Postsecondary student consumerism : a national Delphi forecast of developments and articulation of policy options Public Deposited

http://ir.library.oregonstate.edu/concern/graduate_thesis_or_dissertations/9s1618468

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  • The purpose of this research, expressed in two coequal parts, was: to establish a forecast of developments and an articulation of policy options vis-a-vis postsecondary student consumerism; and to determine if interest groups of experts differed significantly in their evaluations of the aforementioned developments and policy options. The Delphi technique was the methodology used, and the instrument used in the study was developed after the first of four Delphi rounds. Consisting of 111 statements, the instrument was divided into two parts: 60 developments and 51 policy options. These statements were the dependent variables of the study. On the second, third, and fourth rounds, the Delphi panelists evaluated each dependent variable against two criteria on the five-point Likert-type scales provided. The two criteria for the developments were likelihood and desirability. The two criteria for the policy options were feasibility and desirability. The participants in the study were 96 panelists chosen on the basis of their individual reknown as experts on the topic of postsecondary student consumerism. Each panelist was asked to self appraise within one of four subcells for each of the two independent variables of the study. It was hypothesized that differences existed between the interest group subpanels (subcells). The t-statistic was then used to determine contrasts between the mean score evaluations of the subpanels for each dependent variable. The hypotheses tests of significant difference were determined at the .05 probability level. Evaluations were also made to determine whether the entire panel was in consensus with respect to any of the dependent variables. Consensus was determined by three methods; percentage, mean, and variance. All numerical data were processed by means of the Statistical Package for the Social Sciences. Selected Findings and Conclusions The panel forecasted as most likely among the forthcoming developments in postsecondary student consumerism, a more insistent and influential role for students in obtaining increased consumer protection. Similarly, although with less unanimity, the panel forecasted an increased role for the federal government. Most desirable, among the forecasted developments, the panel judged to be the institutional provision of better information to students, and larger roles in postsecondary student consumerism for states, students, and accrediting associations. Least desirable would be the development of a defensive or resistant posture by postsecondary institutions in dealing with student consumerism. The panel responded that the most feasible policy options to enhance student consumer protection are policies for: providing consumer education to students; gathering graduates' evaluations of their educational experiences; and for more equally defining the student-institutional relationship. Similarly, the panel rated as most desirable the policy option that students be educated to become more responsible consumers of education; second most favored was the policy which would have institutions regularly obtain their graduates' evaluations of their educational experiences. The significance testing confirmed the general hypothesis that the various interest groups differ significantly in their judgments about what will happen and what should happen in postsecondary student consumerism. However, these differences were not so overwhelmingly confirmed as one might expect them to have been based on the literature. The subpanel whose members self-identified as "federal" and the one whose members self-identified as "administrator," most frequently had views regarding issues in postsecondary student consumerism that were significantly different from their fellow panelists. The subpanel whose members self-identified as "local" were least frequently significantly different in their judgments from their fellow panelists.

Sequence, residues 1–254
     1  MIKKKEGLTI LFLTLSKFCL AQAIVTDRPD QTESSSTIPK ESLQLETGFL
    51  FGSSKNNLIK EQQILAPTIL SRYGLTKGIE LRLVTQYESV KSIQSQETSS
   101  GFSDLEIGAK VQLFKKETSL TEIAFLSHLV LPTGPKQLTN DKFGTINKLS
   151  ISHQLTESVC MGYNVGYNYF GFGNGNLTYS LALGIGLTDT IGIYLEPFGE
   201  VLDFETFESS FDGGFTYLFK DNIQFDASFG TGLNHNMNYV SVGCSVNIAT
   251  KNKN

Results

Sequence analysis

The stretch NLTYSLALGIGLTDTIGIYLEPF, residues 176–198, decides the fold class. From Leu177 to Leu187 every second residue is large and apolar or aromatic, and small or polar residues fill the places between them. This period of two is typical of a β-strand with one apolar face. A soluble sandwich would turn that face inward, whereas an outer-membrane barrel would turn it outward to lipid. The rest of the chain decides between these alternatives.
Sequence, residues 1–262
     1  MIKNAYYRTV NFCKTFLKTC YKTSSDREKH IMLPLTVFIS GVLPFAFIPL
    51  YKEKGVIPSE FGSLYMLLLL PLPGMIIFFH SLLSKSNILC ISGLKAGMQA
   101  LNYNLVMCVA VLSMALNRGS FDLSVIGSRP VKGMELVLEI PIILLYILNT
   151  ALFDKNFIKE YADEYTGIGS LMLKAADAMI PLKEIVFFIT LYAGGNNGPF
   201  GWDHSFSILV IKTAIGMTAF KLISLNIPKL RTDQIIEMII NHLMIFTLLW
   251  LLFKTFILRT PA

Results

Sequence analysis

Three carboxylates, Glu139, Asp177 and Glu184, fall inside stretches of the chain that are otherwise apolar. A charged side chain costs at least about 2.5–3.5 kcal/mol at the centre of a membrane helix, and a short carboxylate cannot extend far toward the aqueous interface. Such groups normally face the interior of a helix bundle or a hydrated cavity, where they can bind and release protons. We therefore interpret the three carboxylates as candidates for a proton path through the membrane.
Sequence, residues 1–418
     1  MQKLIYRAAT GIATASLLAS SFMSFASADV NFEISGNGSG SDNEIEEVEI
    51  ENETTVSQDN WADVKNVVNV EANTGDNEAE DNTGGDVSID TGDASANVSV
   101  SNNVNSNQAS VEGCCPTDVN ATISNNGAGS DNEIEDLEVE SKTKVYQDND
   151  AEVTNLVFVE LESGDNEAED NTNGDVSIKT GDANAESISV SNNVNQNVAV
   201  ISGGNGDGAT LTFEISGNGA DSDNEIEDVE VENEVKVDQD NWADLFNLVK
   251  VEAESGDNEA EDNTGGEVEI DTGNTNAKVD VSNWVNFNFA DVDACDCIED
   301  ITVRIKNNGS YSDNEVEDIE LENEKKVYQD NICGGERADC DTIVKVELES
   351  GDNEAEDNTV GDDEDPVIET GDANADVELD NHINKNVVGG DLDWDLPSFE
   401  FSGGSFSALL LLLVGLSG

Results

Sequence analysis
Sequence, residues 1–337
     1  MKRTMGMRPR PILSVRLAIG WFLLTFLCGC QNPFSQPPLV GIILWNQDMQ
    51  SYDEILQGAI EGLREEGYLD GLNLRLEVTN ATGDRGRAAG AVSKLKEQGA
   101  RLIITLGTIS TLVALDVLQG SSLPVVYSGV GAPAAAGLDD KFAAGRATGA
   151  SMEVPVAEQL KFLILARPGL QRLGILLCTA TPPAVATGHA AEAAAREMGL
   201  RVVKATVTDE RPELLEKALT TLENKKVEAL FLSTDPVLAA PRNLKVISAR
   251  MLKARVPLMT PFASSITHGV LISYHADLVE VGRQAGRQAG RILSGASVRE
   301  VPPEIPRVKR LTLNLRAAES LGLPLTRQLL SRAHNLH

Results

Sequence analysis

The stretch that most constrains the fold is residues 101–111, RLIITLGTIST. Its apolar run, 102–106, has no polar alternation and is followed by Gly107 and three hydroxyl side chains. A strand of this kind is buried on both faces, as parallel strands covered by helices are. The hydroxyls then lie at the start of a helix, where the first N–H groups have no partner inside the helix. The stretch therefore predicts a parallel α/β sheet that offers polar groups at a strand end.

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  • description.provenance : Approved for entry into archive by Patricia Black(patricia.black@oregonstate.edu) on 2013-04-24T16:49:40Z (GMT) No. of bitstreams: 1 FranksRobertGrover1979.pdf: 1701900 bytes, checksum: 63f4f9cbbe0a692bd33ed4e7f4a81812 (MD5)
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